Mon. Apr 22nd, 2024

As part of my job for DesignLens, I tour a lot of homes around the country. One thing I’ve noticed is that current home design trends (read: an open great room) aren’t especially kid-friendly. As a mother of two children ages 1 ½ and 13, I look for how my kids would fit in the family homes I walk or feature. I’m essentially looking out for kid-friendly home design features and thinking about my family’s daily needs like, where would a high chair go? Where would my kids play when they’re outside of their rooms? Where would they study?

Consider these challenges when you’re designing family-friendly homes and take a look below at some of the creative, kid-friendly design ideas I’ve seen.

4 Kid-Friendly Home Design Challenges and Some Clever Solutions 

1. How do you create a kid-friendly space near the adult entertaining area?

Challenge: I want a big, open space for entertaining, but what about a place where the kids can play nearby?

Kid-friendly design solution: Create a playroom off the great room. 

At Leyden Rock, in Arvada, Colo., Epic Homes and KGA Studio Architects have included just such a kid-friendly space (photo, below) as an optional upgrade in the builder’s homes. Although it’s not large, this play space is big enough to corral the toys when guests come over or to allow the kids to play freely, albeit just a barn door away from the adult activity. The interior design team at TRIO did a fantastic job of highlighting the opportunities for the playroom, with a kid-size table and chairs, cubbies for toys, a cool chalkboard, and even a TV. When I saw this kid-friendly design solution, I immediately fell in love and knew the builder understood my needs as a mom.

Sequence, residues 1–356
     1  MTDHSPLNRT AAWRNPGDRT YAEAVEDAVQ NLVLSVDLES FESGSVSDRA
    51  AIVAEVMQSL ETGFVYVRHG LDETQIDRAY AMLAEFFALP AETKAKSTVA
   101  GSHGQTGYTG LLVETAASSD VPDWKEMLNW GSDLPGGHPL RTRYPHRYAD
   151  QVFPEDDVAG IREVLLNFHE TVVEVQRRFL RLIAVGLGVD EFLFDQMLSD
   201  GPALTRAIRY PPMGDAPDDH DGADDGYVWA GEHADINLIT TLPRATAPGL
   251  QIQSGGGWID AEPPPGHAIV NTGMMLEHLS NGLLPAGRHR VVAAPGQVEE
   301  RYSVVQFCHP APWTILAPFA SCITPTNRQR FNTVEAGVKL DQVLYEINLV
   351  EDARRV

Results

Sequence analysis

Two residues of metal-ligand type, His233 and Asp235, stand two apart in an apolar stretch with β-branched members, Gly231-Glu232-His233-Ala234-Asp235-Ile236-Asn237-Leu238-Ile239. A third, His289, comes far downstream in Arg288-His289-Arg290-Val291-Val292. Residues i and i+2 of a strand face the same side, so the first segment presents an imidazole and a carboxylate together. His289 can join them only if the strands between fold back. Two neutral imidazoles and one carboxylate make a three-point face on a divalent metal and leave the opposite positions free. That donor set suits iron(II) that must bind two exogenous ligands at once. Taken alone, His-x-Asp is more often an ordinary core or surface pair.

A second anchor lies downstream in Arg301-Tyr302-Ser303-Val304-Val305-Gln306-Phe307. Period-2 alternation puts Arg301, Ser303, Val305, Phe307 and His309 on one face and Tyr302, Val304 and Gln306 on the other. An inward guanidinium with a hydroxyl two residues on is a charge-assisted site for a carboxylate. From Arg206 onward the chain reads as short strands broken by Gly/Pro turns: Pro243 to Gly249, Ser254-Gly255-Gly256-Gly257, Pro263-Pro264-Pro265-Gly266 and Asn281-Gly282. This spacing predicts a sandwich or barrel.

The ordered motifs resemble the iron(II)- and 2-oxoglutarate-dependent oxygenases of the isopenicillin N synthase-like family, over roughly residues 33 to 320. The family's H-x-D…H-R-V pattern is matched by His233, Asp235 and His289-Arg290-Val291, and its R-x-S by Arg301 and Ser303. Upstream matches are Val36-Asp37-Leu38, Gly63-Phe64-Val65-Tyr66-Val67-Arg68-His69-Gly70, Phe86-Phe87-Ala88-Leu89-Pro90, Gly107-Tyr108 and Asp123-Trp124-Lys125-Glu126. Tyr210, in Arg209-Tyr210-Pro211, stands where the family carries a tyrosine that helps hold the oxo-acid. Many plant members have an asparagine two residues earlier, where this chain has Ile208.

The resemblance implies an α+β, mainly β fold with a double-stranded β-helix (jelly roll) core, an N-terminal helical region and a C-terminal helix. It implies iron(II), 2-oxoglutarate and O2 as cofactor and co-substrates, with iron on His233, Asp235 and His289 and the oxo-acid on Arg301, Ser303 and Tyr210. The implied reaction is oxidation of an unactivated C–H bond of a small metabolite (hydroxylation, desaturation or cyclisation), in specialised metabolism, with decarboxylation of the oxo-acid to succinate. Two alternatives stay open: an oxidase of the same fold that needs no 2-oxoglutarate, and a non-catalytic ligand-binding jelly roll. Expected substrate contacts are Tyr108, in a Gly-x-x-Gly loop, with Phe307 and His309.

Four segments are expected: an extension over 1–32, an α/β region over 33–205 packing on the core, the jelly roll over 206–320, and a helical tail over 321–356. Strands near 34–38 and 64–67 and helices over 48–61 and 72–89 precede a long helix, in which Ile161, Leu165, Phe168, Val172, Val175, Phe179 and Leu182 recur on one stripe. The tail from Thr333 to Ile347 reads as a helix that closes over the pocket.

Kid-friendly home design in action: a kid-friendly space off the great room at Leyden Rock from Epic Homes.
This kid-friendly space off the great room in Epic Homes’ Leyden Rock, in Arvada, Colo., keeps kids close to the adult activity but provides them with their own space. | Photo: Eric Lucero Photography 


2. How do you design spaces for kids and adults that offer connection and privacy, too?

Challenge: A loft that’s open to the great room below doesn’t block the sound between these areas or provide much privacy for those in either area.

Kid-friendly design solution: Design a more private space for the kids to gather. 

Shea Homes and Bassenian Lagoni Architects knock it out of the park at Wedgewood, in Yorba Linda, Calif., by optioning an additional secondary bedroom into an aptly named “kid’s lounge” (photo, below). Located at the head of the secondary bedroom wing of the home, this kid-friendly space not only provides access to those bedrooms and shared amenities but also creates a great hangout area away from the main living spaces.

This kid-friendly home design idea creates a private space for kids to hang out.
By creating a kids’ lounge, Shea Homes offers a dedicated space where kids can hang out. | Photo: John Bare Photography

3. How do you design a kids’ bedroom for multiple children?

Challenge: A 10-by-10-foot bedroom isn’t always big enough for kids to share.

Kid-friendly design solution: Bring back the slightly larger shared or twin room concept.